In the next presidential debate, can Biden fire a Reagan?


When former Vice President Joe Biden takes the stage for his first debate with President Trump, some of us will look back forty years to another presidential debate and the lessons he taught.

On October 28, 1980, President Jimmy Carter met for the one and only debate with his challenger, former California Governor Ronald Reagan. Like Donald Trump, Carter was a first-term president whose path to re-election was rocky, to say the least. Carter’s average approval rating (over his tenure) stood at a paltry 45.5%, the lowest of any post-war president except for – you guessed it – Donald Trump, whose overall average approval rating is 40%.

It’s hard to imagine two men more different than Jimmy Carter, the humble and devout Christian peanut farmer from Georgia, and Donald Trump, the flashy real estate mogul. But the circumstances of their presidencies and the stakes of their debates are similar.

In the final year of their first term, both men faced crises for which they and the country they led were unprepared. For Trump, of course, it was the novel coronavirus. This virus and its associated political problems, which required careful coordination and implementation by disparate government authorities, would have been a challenge for even the most seasoned president. But it proved overwhelming for a man who had no previous experience in the public sector.

For Carter, it was the Iranian hostage crisis of 1979, where 52 Americans were held hostage at the U.S. Embassy in Tehran from November 4, 1979, to January 20, 1981. It was America’s first major experience with Islamic radicals, and Carter’s attempts to negotiate went nowhere, as the official ruling government in Iran had little control over the student radicals who held the hostages. In April 1980, Carter resorted to a daring military rescue operation that failed spectacularly, killing American military personnel as planes crashed in the desert before they even reached Tehran.

For Trump, the coronavirus has wiped out his greatest advantage: an economy with low inflation and low unemployment. As the country shut down due to the virus, unemployment rose and the virus dragged on, millions of the unemployed began to fear they would never return to work. Carter’s election year was also marked by economic hardship. In January 1980, the country was in recession. Under his leadership, the inflation rate soared into double digits and unemployment rose, a rare occurrence in economics.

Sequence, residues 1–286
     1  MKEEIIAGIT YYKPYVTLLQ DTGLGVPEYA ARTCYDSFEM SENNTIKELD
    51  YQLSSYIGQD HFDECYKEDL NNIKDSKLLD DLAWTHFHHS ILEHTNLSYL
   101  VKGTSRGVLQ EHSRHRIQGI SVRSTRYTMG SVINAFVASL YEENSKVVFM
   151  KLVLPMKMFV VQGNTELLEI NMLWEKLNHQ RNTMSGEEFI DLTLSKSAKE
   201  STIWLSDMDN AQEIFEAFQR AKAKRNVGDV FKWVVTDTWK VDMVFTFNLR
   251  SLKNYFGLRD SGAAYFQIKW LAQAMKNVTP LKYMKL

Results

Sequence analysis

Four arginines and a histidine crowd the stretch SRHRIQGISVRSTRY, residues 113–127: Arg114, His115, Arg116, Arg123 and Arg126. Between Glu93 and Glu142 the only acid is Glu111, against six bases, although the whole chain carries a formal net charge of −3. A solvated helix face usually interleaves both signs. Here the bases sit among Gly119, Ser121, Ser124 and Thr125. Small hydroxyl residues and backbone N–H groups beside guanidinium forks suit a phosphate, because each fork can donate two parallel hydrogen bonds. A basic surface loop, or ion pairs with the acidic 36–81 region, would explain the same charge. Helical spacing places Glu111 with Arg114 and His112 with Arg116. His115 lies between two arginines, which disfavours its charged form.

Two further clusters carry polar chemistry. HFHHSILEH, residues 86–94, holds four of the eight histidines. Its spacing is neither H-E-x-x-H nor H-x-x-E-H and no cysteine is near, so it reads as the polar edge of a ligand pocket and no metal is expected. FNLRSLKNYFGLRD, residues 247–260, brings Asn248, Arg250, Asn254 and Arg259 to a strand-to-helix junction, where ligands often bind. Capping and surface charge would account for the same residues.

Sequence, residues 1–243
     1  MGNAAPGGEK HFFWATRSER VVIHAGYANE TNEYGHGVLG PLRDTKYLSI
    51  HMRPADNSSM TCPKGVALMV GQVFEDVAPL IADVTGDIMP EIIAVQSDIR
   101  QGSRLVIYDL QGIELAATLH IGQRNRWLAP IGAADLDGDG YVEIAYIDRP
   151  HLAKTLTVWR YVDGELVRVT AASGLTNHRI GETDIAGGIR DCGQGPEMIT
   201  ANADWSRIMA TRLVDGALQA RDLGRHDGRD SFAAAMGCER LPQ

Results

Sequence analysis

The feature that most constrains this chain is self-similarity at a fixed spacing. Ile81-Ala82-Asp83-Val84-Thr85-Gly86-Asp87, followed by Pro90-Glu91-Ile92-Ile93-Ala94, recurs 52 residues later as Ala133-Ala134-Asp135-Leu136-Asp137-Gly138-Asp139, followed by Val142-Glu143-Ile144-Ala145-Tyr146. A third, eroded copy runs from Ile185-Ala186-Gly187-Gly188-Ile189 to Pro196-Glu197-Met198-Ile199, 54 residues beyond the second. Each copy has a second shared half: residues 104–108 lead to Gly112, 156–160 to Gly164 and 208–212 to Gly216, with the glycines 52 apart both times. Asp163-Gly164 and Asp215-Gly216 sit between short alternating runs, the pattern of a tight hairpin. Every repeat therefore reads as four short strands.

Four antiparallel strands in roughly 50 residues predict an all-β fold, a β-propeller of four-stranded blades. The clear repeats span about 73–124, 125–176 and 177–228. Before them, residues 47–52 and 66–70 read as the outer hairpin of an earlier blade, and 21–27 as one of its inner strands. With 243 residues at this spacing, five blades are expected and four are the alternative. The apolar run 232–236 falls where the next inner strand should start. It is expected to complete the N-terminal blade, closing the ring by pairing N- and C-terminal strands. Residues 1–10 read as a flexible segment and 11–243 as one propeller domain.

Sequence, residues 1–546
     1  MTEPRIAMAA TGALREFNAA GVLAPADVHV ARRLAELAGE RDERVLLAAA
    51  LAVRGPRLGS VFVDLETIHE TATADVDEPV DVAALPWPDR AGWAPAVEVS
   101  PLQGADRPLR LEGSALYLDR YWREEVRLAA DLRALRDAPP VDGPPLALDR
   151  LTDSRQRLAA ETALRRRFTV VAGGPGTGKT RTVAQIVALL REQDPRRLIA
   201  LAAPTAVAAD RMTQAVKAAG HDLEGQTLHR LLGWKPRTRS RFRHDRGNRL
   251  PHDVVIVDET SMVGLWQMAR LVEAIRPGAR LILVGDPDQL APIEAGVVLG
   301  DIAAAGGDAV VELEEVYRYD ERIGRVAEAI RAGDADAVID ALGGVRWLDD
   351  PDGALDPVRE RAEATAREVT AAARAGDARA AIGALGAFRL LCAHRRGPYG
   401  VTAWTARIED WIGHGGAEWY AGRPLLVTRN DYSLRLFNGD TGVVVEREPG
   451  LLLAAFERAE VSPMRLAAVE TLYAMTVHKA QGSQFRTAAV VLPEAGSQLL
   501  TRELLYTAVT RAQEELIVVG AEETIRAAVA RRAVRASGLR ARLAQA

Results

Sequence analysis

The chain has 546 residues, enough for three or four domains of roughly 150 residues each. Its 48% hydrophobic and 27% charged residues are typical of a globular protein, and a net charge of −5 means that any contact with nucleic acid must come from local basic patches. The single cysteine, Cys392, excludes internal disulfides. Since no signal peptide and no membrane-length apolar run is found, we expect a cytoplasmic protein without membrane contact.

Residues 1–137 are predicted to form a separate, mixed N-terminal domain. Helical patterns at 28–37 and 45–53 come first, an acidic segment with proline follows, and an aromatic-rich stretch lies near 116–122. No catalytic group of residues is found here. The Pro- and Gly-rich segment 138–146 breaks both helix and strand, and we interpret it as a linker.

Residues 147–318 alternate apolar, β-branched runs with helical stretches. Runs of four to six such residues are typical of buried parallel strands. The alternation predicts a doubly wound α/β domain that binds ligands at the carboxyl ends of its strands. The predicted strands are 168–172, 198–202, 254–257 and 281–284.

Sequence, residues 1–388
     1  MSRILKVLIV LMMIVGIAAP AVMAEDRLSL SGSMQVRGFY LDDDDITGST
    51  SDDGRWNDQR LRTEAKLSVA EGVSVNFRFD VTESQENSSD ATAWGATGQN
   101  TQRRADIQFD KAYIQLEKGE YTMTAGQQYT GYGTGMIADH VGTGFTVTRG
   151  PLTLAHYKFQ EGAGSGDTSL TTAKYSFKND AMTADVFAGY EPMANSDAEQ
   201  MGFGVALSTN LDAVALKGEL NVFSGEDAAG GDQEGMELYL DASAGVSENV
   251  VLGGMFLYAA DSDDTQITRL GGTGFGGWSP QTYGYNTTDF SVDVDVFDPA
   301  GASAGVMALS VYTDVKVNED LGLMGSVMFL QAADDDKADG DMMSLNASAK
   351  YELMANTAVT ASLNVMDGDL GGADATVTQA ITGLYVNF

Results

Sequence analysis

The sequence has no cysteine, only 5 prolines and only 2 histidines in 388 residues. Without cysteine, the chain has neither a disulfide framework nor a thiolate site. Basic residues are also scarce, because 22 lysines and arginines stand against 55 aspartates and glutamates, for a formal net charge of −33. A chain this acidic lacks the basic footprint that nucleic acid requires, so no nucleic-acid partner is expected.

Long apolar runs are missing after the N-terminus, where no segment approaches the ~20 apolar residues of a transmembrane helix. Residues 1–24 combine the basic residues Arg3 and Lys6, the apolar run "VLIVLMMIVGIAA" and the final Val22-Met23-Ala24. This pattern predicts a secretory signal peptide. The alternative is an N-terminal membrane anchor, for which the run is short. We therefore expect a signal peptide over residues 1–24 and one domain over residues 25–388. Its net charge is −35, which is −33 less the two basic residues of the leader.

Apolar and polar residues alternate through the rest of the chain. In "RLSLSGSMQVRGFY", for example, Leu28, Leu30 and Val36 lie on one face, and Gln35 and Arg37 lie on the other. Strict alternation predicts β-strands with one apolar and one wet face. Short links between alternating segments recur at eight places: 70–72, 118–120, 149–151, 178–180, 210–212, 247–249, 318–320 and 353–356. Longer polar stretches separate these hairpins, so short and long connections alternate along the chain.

And while it could be argued that neither man was responsible for the disasters that struck the country, the country found their leadership lacking. Trump has been widely criticized not only for his lack of competence, but also for his lack of empathy for those suffering from the virus and his repeated attempts to downplay the severity of the virus. Carter was criticized for his response to the economic pain, which he delivered in a speech that was widely criticized and became known as the “malaise” speech.

Like Carter, Trump found himself on the eve of the debates behind in the polls and virtually powerless to stage a game-changing “October Surprise.” The Carter administration continued its attempts to free the hostages, to no avail – the Iranian radicals simply wouldn’t cooperate. Likewise, the Trump administration has continued its attempts to overcome the virus, but the virus will not cooperate either. The first failures allowed him to go wild. And it continues to kill, this time in red states, and a vaccine before Election Day remains an aspiration that public health experts and pharmaceutical companies consider unattainable.

When an incumbent president is in this kind of problem, he has only one option and that is to make the challenger even less acceptable. The Carter campaign went bankrupt, doling out political nominations across the country claiming Reagan was dangerous: a racist and someone who would lead the country into a war, someone too radical to have their finger on the nuclear button . They were playing the only hand they had, trying to make the challenger even worse than the holder. Trump has done this to Biden all year, even when it looked like Biden wouldn’t be the eventual nominee. He tried to portray Biden as old, weak and not up to the job – hence “sleepy Joe”. And he tried to convince America that Biden would ruin the American way of life, especially in the suburbs.

However, when Reagan took the stage on the night of October 28, 1980, America did not see a dangerous and radical warmonger. They saw an avuncular, kind man who could look right into your living room and ask murderous questions:

“Are you better off than four years ago? Is it easier to go buy things in stores than four years ago? Is there more or less unemployment in the country than four years ago? Is the American as respected in the world as he was? Do you think our security is as secure? That we are as strong as four years ago?

After this debate, the dam broke. On November 4, Reagan defeated Carter by 9 points, winning all but six states and the District of Columbia.

Next week, Joe Biden‘s only job in his first debate with Trump will be to show America that he is not a dangerous radical or a socialist. Biden needs to show he’s strong enough to get the job done and stable enough not to become a “Trojan horse” for the radical left. In fact, he should come up with his own version of “Are you better off than you were four years ago?” If he succeeds, Joe Biden has a good chance of following in Ronald Reagan’s electoral footsteps.

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